- Mobile Suit Gundam: The 08th MS Team has a bunch of Gundam Ground Types that are basically a pile of spare-parts for the original Gundam that are put together and armed with a couple of large rifles. Maintenance is done quite frequently, to the extent that when a Gundam isn't being piloted, someone is doing maintenance on it, to make sure they work. In fact, the main character arrives at the EFF-base, while his Gundam is being tuned. Most repairs are done simply by taking functional parts from other Mobile Suits and stuffing them on the Gundams, which results in one of the 08th MS Team pilots being referred to as "GM-head" because her Gundam's head gets replaced by that of a mass-produced GM's head after the original head was punched off. On the Zeon side, we got to see a single Zaku Tank, which is basically a Zaku torso with arms and head, stuffed on top of a Magella-class attack tank. We never saw it in action, but one can only assume it was a make-shift repair to a Zaku II that had lost its legs in battle.
- Expanded Universe sources indicate that Zaku Tanks are common ways to make use of wrecked Zakus, but the use of one for actual combat is quite rare. Normally they're converted for construction/combat engineer work.
- Graphic novel example: anything drawn by Jean Girard, aka Moebius, will usually incorporate elements of both Used Future and Shiny-Looking Spaceships.
- Ignition City by Warren Ellis. The titular city is a spaceport constructed from rusted spaceships that has a lot of expies of classic sci-fi heroes as its residents.
- In Fear Agent it is hard to keep your ship and jetpack shiny when you are the last survivor of a monster-hunting group from Texas with alcohol problems.
Films — Animated
- Titan A.E., focusing as it does on the refugee remnants of humanity After the End of an Earth-Shattering Kaboom.
- WALL•E pretty much embodies this trope, especially when WALL-E is compared to the sleek, shiny, futuristic EVE. Note that this is literally due to use; they were actually designed and built at about the same time, but WALL-E has been in continuous use while EVE has spent most of the time in storage.
- The Harry Canyon segment of the film Heavy Metal.
Films — Live-Action
- The Hitchhikers Guide To The Galaxy: Arthur is taken aback by the squalor of the Vogon ship, and notes that the much shinier Heart of Gold is more in line with what he expects of a space ship — of course, the Heart of Gold is only clean because it's so new that it still has the protective film on.
- Before anything listed, Robert Heinlein had already led the way with Used Futures in many books. Here are several books and stories.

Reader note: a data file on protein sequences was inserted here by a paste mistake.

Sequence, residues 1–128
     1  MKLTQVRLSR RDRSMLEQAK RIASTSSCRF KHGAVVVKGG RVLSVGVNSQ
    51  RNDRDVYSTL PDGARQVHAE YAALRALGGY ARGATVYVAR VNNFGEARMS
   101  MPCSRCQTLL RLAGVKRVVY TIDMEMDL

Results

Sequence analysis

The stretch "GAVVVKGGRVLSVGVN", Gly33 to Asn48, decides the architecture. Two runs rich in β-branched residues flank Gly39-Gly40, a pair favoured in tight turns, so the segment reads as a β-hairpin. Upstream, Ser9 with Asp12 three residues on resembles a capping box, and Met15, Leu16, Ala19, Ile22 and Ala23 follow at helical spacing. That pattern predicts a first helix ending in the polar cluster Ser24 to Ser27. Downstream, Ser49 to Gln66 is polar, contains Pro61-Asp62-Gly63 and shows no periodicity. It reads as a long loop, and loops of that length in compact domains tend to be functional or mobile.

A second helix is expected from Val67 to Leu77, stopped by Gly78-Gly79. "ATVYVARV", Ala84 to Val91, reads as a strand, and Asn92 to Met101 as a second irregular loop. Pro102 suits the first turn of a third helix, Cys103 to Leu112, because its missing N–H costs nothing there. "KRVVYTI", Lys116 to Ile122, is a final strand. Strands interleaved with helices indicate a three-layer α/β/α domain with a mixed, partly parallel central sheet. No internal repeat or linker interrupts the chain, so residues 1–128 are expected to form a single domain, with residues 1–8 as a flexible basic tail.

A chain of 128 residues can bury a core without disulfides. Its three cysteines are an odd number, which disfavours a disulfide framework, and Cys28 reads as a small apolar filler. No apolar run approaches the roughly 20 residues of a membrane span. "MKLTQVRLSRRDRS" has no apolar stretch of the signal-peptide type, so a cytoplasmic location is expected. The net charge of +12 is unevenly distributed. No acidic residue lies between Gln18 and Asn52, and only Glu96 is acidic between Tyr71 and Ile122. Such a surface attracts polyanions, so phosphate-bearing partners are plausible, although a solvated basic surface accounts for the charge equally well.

- E. M. Forster wrote a science fiction short story called "The Machine Stops" (1909) about a future civilization that has grown dependent upon automation. (When the titular machine deteriorates and dies, so does the civilization.)
- Older Than Radio: H. G. Wells' The Time Machine. When the Time Traveller visits the distant future, everything is older than the dust that covers it and the inhabitants make use of the technology only out of habit or instinct.
- The Revelation Space universe from Alastair Reynolds. The first ship described is about 3-4 kilometers long and has 5 people running it. Vast swathes of it are described as "flooded with coolant...others were infested with rogue janitor-rats...patrolled by defense drogues which had gone berserk...filled with toxic gas, or vacuum, or too much high-rad." Amazingly, it gets worse.
- A few stories take place during the earlier "Belle Epoque" age when everything was shiny, back when the Rust Belt around Yellowstone was known as the Glitter Band. Then a nanotech virus called The Melding Plague arrived and ruined everything.
- Everything Peter Watts ever wrote. Everything. Well, no, that's not strictly true; some of his stories are set in futures so used they've fallen apart; but the rest of them are just severely used. The prime example of this trope is, of course, the Rifters Trilogy, particularly Lenie Clarke's cross-country tour-o-death in Maelstrom.
- Philip K. Dick's "Do Androids Dream of Electric Sheep?" has "kipple" - the accumulation of society's junk and litter, which seems to grow spontaneously whenever you're not looking. The Earth of the story had been largely abandoned in favor of space colonies, leaving many empty and unmaintained sections of the city to rot and accumulate random garbage. Appropriate, as it's the book that Bladerunner is based on.
- Asimov's Foundation series. After the fall of the Galactic Empire, various factions use the remnants of the technology to live as best they can. This ranges from wealthy technicians maintaining machines they can no longer understand to agrarian societies who mine the vast abandoned cities for ready-made steel.
- Book of the New Sun describes the future where humanity just sits at home and waits for the money to run out. The central character grows up in the hulk of a former starship which still has a couple of operating devices, if you can round up enough apprentices to hand-crank them. Miners dig up old machines rather than raw materials, which were exhausted a long time ago (indeed one of their measures of time, the "age," starts when one resource is exhausted and ends when the next runs out.) The very rich have access to advanced technology, which they appear to get by trading slaves to aliens.